I would like to touch as many people as possible with my music.

I’m sure you would like your music to achieve universal appeal, but at a demographic level, can you describe the audience to whom your music is “pitched,” i.e., age group, playlist genre.

I  think it reaches every age.

The whole “marketing” aspect of music – defining your audience and targeting them effectively – is tricky business. Doesn’t the narrow niche nature of the commercial market require that you commit to a certain type of music?

I  feel that I am making my own audience and don’t have to try to fit into a certain category.

You are often described as having a sound associated with ‘70s smooth folk-rock. Are you comfortable with that? Or can you imaging changing your musical focus with each new album? Would it be smart to constantly reinvent yourself?

I don’t think that you can do anything but change, and since music is a reflection of yourself and what’s going on around you it has to change.  Reinventing yourself for the sake of doing that is not very fulfilling.

When did the songwriting bug hit you? 

Started writing a few years ago.

Are you a natural performer? And if so, how did this first manifest itself?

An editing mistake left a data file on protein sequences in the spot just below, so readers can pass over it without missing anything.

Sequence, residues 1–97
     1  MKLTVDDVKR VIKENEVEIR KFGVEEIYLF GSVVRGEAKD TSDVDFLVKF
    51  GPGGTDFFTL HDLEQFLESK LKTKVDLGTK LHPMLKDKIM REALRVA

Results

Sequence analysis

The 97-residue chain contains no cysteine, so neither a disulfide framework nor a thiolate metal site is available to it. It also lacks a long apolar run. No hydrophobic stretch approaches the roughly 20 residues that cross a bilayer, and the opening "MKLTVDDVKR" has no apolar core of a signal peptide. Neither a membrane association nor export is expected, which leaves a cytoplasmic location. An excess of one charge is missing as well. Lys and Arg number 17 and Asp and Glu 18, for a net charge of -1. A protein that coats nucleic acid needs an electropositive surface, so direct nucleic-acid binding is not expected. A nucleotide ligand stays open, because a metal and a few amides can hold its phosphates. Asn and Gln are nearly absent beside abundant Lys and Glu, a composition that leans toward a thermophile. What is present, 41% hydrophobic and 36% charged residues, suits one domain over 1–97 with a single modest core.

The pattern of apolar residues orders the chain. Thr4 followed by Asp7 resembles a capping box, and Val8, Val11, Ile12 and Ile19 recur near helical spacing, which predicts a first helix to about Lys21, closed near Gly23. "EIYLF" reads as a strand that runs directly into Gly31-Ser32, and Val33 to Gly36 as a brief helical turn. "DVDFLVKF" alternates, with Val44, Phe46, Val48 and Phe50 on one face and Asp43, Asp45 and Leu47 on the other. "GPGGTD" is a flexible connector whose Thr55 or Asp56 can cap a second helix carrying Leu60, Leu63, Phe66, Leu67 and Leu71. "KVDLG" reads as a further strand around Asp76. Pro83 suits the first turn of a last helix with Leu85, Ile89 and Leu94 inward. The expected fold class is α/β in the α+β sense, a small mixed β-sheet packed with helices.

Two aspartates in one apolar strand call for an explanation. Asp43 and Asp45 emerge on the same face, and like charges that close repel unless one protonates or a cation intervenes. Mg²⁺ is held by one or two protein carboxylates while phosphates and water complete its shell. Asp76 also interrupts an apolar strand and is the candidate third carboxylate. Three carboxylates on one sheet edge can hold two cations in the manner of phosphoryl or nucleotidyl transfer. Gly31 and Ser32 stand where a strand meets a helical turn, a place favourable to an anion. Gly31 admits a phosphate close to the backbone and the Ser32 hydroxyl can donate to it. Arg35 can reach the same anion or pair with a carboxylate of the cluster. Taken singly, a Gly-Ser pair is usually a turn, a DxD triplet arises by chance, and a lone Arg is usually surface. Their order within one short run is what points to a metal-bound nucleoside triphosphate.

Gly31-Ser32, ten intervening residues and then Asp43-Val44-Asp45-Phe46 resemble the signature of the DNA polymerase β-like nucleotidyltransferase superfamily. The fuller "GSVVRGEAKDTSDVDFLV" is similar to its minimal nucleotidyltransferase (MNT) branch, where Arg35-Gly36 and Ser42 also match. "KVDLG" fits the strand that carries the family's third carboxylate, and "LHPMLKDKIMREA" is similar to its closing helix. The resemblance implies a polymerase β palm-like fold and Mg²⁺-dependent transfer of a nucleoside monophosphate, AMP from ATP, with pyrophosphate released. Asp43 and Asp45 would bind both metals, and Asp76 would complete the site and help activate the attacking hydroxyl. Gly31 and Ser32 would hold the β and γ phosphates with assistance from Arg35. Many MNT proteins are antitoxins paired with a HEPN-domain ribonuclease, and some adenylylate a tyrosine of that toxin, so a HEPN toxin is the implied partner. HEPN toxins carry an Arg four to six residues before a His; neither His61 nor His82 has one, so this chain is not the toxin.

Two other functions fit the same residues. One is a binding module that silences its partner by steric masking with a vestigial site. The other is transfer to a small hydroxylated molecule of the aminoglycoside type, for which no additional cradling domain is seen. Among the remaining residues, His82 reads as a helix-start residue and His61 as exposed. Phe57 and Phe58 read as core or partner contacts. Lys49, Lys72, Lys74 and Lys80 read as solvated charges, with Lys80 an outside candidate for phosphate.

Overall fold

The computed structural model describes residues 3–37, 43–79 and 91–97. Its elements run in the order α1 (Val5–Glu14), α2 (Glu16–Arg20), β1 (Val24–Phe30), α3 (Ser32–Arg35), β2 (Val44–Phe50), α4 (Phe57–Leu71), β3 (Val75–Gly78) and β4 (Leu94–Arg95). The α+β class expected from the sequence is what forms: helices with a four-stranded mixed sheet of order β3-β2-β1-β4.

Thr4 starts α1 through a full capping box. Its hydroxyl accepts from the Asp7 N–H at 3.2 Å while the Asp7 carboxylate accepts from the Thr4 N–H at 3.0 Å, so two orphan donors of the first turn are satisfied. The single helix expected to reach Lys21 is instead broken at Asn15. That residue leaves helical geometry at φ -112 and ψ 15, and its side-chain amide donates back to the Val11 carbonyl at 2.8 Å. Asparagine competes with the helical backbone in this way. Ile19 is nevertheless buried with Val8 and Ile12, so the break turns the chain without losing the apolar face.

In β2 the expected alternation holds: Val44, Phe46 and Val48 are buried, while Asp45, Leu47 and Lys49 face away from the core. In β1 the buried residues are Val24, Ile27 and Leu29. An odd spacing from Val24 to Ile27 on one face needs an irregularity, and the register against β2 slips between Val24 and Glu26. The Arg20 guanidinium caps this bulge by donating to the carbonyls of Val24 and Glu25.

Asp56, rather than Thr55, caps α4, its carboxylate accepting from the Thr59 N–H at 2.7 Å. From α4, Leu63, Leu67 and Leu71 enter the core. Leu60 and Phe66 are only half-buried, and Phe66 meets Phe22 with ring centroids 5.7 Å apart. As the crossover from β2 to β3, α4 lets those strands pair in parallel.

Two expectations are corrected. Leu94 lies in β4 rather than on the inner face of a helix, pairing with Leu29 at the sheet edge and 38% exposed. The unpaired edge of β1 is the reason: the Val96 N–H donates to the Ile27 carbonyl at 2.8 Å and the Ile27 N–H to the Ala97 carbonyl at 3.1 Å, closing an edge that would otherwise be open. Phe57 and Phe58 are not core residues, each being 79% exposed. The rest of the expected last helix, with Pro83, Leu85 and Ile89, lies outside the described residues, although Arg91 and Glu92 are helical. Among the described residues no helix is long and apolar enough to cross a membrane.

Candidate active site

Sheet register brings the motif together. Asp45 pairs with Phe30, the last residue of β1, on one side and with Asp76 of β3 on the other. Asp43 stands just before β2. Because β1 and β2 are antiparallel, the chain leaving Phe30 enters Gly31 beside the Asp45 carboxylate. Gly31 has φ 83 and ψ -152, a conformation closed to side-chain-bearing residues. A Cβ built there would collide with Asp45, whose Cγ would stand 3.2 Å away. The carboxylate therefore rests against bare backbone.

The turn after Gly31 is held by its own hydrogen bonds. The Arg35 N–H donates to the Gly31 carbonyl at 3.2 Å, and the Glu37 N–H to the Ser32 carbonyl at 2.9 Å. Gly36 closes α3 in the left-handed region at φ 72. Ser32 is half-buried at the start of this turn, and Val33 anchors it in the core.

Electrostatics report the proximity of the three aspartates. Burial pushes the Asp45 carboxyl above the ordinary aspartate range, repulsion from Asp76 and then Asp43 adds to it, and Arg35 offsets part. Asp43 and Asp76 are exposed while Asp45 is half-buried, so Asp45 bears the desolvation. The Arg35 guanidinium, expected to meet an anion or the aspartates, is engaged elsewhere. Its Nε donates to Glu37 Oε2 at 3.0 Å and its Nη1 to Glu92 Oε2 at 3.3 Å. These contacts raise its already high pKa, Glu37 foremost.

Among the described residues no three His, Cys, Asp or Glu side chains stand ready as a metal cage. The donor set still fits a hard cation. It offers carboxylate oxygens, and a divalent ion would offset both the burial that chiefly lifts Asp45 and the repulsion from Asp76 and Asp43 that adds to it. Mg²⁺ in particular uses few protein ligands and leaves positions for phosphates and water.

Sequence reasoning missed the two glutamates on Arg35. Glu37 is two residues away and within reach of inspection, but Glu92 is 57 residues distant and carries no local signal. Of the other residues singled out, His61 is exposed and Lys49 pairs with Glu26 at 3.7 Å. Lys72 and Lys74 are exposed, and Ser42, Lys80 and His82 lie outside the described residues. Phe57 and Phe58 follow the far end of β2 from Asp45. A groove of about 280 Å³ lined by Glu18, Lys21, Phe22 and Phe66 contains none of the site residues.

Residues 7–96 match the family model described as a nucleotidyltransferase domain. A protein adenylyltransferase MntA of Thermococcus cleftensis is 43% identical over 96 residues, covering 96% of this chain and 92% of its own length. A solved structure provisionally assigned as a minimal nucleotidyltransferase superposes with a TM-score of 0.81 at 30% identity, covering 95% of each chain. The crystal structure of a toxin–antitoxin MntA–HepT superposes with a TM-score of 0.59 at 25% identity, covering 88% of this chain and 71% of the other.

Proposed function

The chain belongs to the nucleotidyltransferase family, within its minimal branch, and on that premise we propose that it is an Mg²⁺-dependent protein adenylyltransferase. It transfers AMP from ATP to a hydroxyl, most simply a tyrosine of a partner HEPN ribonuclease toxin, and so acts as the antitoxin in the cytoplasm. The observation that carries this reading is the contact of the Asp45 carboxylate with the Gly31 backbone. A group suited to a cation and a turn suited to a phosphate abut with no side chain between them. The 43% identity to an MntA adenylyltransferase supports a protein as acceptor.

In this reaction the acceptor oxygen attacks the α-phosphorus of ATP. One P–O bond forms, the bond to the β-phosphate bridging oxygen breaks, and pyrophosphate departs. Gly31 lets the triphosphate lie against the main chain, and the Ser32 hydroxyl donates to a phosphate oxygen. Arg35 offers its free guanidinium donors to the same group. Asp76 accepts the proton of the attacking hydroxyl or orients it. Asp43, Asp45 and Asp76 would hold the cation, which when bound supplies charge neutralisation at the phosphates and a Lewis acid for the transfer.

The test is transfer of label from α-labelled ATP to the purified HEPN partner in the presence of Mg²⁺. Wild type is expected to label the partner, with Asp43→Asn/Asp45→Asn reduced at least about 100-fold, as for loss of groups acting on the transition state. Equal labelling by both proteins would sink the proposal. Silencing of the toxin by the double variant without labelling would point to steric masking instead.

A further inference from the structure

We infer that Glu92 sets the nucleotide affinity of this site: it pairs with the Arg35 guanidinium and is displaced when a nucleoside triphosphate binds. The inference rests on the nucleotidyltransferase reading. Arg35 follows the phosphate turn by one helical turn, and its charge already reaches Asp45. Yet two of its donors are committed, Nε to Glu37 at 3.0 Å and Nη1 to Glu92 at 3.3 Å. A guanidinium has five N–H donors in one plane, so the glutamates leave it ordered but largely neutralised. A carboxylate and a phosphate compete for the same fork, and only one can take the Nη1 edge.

I love to perform but have dealt with stage fright a lot.

When did songwriting become a passion? Is that the right word?

Yes!  I’m very passionate about it that’s why I love it.

What moves you about music? Do you think of yourself as a “lyric” person or a “music” person?     


I read a review of your live show where the writer generally liked your music, but said it “has the air of one of those feel good shows - highly professional, beautifully sung, with some good melodies and plenty of heartfelt emotion - but not suitable for anyone who likes a challenge.” Not that you have to defend the perceptions of others, but are you thrown at all by the reactions you get? Can you understand what that reviewer was getting at?

Everyone’s entitled to an opinion.

How important is aligning yourself with a good producer to making the music you want to make? Do you work with a dedicated producer or creative team?

It’s wonderful to have a great producer who hopefully complements you and expands and understands your vision.

Do you buy music CDs? What are you listening to these days?

Yes. My most recent purchases were Rilo Kiley’s new album, Aretha Franklin’s “Amazing Grace” live album and the best of Seals and Crofts.

Who was the last person you saw perform live? 

Annie Lennox-she was absolutely incredible!

What has been the highlight of your life so far? 

Personal relationships.

What is your highest aspiration for your life and your career? 

That I reach lots and lots of people with my music, and that I have lots of happy relationships in my life.  



Learn more about Malea McGuiness by visiting her MySpace site.




©Rick Alan Rice (RAR), May, 2012